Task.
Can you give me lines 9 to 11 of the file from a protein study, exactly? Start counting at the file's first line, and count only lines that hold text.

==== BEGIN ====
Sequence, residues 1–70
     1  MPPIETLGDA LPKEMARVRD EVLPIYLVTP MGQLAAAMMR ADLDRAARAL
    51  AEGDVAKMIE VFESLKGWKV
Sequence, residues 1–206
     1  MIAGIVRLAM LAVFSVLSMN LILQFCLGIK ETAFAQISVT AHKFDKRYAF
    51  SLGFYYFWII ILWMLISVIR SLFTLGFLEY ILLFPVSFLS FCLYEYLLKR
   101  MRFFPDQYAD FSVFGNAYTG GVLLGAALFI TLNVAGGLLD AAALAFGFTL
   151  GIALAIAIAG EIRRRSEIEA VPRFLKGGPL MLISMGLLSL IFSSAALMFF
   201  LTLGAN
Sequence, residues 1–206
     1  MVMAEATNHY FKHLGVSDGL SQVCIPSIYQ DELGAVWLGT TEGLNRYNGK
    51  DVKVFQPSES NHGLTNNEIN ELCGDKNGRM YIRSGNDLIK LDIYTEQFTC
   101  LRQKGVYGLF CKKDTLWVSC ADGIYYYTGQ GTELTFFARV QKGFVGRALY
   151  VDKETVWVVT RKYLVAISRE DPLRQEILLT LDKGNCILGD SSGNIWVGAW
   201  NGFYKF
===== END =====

   201  LTLGAN
Sequence, residues 1–206
     1  MVMAEATNHY FKHLGVSDGL SQVCIPSIYQ DELGAVWLGT TEGLNRYNGK